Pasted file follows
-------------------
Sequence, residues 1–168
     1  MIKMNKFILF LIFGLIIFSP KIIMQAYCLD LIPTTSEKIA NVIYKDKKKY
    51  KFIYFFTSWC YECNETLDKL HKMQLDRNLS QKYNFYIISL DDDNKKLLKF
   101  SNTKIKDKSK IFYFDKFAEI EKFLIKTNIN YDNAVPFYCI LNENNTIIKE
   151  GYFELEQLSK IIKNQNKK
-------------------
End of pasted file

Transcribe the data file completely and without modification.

Sequence, residues 1–168
     1  MIKMNKFILF LIFGLIIFSP KIIMQAYCLD LIPTTSEKIA NVIYKDKKKY
    51  KFIYFFTSWC YECNETLDKL HKMQLDRNLS QKYNFYIISL DDDNKKLLKF
   101  SNTKIKDKSK IFYFDKFAEI EKFLIKTNIN YDNAVPFYCI LNENNTIIKE
   151  GYFELEQLSK IIKNQNKK